Recently, I spoke with Chris Regan, Brady’s Product Director for Energy about developments in UK power markets specifically. He warned at that time that several smaller UK suppliers were concerned over how high gas prices were, noting that a couple of years ago, a significant number of these smaller supplies failed when the prices went up and they hadn’t done enough hedging. He was correct as in the last week or so, about half a million households have had to be moved to a new energy supplier after both Utility Point and People’s Energy became the latest energy companies to go out of business amid the record UK energy market prices. In fact, as prices in the UK for power and gas reached record prices, seven suppliers have failed so far and as Chris told me a few weeks ago, “There’s a lot of worry about even more consolidation in the supply markets.”
The high current curve price in the UK is driven by gas prices, which in turn, are related to the the lack of LNG coming in and worries over some of those big pipelines from Russia, he told me. He also sees batteries as increasingly important in the future by virtue of a strong investment case for batteries which will drive a battery build out. Looking forward, he points to increasing use of EVs and a need to build out local distribution systems to cater for this demand; particularly in the introduction of a flexibility market to avoid curtailment of supplies to electric vehicles in the future. Indeed, a very similar point was made by Enspired Trading’s CEO, Jurgen Mayerhofer, in a recent CTRMRadio podcast. Chris also noted the demise of the gas boiler and electrification of heat that is also going to cause increased demand and place further constraints on the system. For him, the key point is interrupt ability and flexibility as all of this occurs. “You’ve got a low inertia, high intermittency, higher demand system with sources of flexibility that are no longer large power stations but smaller micro events that need to be built up into Virtual power plants.”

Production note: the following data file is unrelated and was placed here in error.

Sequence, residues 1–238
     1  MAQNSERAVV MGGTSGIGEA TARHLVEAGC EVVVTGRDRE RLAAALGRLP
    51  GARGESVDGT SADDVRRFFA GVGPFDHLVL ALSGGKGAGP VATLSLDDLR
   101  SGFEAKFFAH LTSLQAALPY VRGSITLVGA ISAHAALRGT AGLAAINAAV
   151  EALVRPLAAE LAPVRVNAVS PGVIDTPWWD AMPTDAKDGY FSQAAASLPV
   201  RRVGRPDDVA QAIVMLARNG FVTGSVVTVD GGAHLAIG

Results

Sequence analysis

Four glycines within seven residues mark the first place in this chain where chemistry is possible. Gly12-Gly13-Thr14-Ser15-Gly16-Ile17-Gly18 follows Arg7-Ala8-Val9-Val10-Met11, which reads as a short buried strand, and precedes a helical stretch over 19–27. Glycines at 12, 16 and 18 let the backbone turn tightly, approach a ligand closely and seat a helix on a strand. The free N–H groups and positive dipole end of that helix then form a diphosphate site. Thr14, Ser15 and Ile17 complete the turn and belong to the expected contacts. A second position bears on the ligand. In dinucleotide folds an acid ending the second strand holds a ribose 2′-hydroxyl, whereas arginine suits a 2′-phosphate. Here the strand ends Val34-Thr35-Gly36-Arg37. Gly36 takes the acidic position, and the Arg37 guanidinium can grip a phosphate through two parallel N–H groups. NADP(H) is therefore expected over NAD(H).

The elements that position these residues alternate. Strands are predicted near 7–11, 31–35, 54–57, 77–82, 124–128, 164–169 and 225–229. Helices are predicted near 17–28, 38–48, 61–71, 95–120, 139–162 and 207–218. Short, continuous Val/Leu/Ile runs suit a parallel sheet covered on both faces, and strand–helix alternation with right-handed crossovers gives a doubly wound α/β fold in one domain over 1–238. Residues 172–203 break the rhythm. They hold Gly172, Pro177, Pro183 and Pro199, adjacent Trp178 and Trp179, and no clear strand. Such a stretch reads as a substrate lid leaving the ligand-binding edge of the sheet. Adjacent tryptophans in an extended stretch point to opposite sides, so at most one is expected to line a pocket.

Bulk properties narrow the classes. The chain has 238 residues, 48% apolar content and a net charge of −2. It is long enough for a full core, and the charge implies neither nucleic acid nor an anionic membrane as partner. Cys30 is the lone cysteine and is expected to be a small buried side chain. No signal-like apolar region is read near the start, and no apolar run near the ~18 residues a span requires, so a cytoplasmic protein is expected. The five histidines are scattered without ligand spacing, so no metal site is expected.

This all adds up to a challenge going forward in which risk management will be to ensure that players have their basic underlying hedges in place to manage renewable PPA’s against baseline customer demand, he said. Longer-term risk he sees as being managed through traditional ETRM solutions where volumetric uncertainty in the portfolio can be managed however, in increasingly volatile short-term markets, it’s all about delivery in that short-term. Here, he sees the need for new tools to aid traders and others to optimize and short-term risk manage their business. “You need a bespoke short-term power trading solution that allows you to be able to trade in the day ahead market in multiple regions with multiple asset types with lots of different kinds of micro assets all the way through to the intraday continuous market and then manage your exposure to system prices because you have all of this variability and intermittency but also, all of this flexibility. So Brady’s Power desk solution is designed to complement any longer term ETRM strategy to allow you to do the physical delivery of power into the short term markets and manage your risks in a way that you need to in this new energy complex.”
In the past, Brady has had a track record of acquiring solutions. However, Brady’s PowerDesk software represents a significant step away from that strategy as it is being developed internally and represents a significant investment by the firm. Having seen demonstrations of the software, it’s modern UI and use of up-to-date technologies clearly differentiates it as a new development and the brainchild of Chris and his team. With the active involvement of potential users and commitments from several firms to the software, the product is expected to be rolled out towards the end of the year. When it does so, it really represents something a bit different in the market allowing automated and algo trading, optimization, and short-term market position management with a focus on UK and Nordic markets. It will help traders to better identify opportunities in increasingly volatile markets and given the recent track record of failures of power and gas business in the UK, its introduction might well be viewed as very timely.